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Tenkutittu Yakshagana theatre-the rhythm of its Chende (eBook)

Tenkutittu Yakshagana Chende
Type: e-book
Genre: Music
Language: English
Price: ₹200
(Immediate Access on Full Payment)
Available Formats: PDF


The treatise titled “Tenkutittu Yakshagana theatre - the rhythm of its Chende” is a novel attempt in bringing to the fore the distinctive music and orchestra for Tenkutittu Yakshagana which is a unique form of the Karavali Yakshagana of Karnataka. This is substantially different from classical musical forms (Karnatic and Hindustani) and other folk traditions (Janapada sampradaya) in contemporary practice. It is designed to enunciate, highlight and support the expressions and emotions of the performers on stage while driving through the storyline. The music deploys singing in falsetto (eru dhvani) in 3 to 4 musical tones higher than the natural men’s voice (C4). It is characterized by rampant variations in speed, intensity, tone, tune, and rhythm to match with the dramatic occurrences on stage. It blends admirably with the visual scene enacted by the actors, sound, and light effects (in the darkness of the night) making the presentation spectacular in all respects.

The percussion accompaniment is through three instruments: Chende (a vertical drum), Maddale (a horizontal drum like the Pakhawaj) and Chakra tala/ Brahma tala (large sized cymbals). The rhythm of Chende (a bass drum) with its simple rhythmic structures has parallelism with African and Cuban bass drums though the instrument shapes, playing techniques, and applications are grossly different. Chende is played with sticks. Direct hand rendering of drums is not in vogue. Like the African and Latin American drums, the Chende, anchored onto shoulders, can be moved easily, and therefore, enable rendering both in a standing pose and in walking motion. Though Chende is low on treble, its high intensity spikes and unique rapid roll rhythm deliveries are able to successfully handle the developments on stage where there is wide variation in expression of feelings, emotions, sentiments, passions, sensations, and reactions.

Most of the information available on Karavali Yakshagana and Tenkutittu Yakshagana is focused on the Prasangas (Song forms of the stories) which are enacted on stage. Information on performatives and staging technology is scanty. The focus area of this book is the rhythm of Tenkutittu Chende (the unique horizontal drum) deployed in Tenkutittu Yakshagana (a Southern version). This is second book by the author on Tenkutittu Yakshagana, the first book (2020) being a prelude to its rhythm with focus on Performatics.

This book consists of nine Chapters which also includes a glossary. The first Chapter is on the rhythm of the Indian Theatre. It gives wide coverage to the artistic moments across the globe and bringing in Indian theatre forms covering historical and contemporary aspects. The Yakshaganas and artforms of similar genre are also addressed in this Chapter. The contemporary issues have been presented.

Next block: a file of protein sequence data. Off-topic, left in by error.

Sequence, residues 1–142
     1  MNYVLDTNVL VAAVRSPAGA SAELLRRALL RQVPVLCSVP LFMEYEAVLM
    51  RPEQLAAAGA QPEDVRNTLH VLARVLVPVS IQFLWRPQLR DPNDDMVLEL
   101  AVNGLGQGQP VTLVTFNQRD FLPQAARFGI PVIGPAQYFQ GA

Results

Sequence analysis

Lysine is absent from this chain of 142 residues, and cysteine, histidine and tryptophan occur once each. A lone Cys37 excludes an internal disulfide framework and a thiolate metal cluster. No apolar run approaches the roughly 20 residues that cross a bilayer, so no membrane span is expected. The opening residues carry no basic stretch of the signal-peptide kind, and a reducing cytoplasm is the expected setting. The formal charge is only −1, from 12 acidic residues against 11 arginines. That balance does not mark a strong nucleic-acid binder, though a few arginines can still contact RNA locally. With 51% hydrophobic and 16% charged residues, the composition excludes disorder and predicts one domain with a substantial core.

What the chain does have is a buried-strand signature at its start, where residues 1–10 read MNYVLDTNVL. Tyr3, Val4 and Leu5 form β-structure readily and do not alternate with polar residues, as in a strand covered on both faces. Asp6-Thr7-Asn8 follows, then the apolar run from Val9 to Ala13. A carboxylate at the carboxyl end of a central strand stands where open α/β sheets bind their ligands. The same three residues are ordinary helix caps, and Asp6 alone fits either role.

The second Chapter focusses on Performatives/ Performatics- theatre theory and details of performance, its dynamics and transformation in the past three decades. The third Chapter introduces the Yakshagana talas, their structure, and terminologies. Isochronous, Non-isochronous and Prosody based meters and transition towards the bar structure (basic rhythm unit of the meter) are discussed. This Chapter elaborates on how the musical meters (talas) are developed and structured. The fourth Chapter brings out raw sounds, strokes, and the hierarchy of the rhythm structures from micro-cycles to macro- and hyper- cycles. The fifth Chapter dwells on generation of rhythm from raw sounds. The sixth chapter is on the development of strings for two of the rhythm forms- nade/theka (sparse rhythm) and urulike (rapid roll rhythm). The seventh Chapter goes onto development of nade and urulike verses in the mukhya vibhaaga- kadita- mukthaya format (core, reduction, and termination sequences) covering beat sizes (matras) ranging from 2 ½ beats to 16 beats. The eighth Chapter presents the termination sequences (mukthayas) for musical meters (talas) covering the range/spectrum of metrical sizes- trishra, chaturashra, khanda, mishra and sankeerna. Sankeerna is rarely used in Tenkutittu Yakshagana. The core material on rhythm structures is covered in Chapters five to eight, the largest Chapters being the sixth and seventh Chapters. The nineth Chapter deliberates on aspects of accompaniment. A glossary of terms and vocabulary associated with this artform is next presented.

About the Author

M Siddhartha Bhatt (b. 1956) hails from Mangalore and settled in Bengaluru, has extensive experience in art of mridanga and Chende. He is one of the very few surviving students of Mridangam Maestro C K Aiyamani Iyer (1908-1976) of the Palghat stream of Karnatic percussion.

Book Details

ISBN: 9789334059274
Publisher: Self Publishing
Number of Pages: 1054
Availability: Available for Download (e-book)

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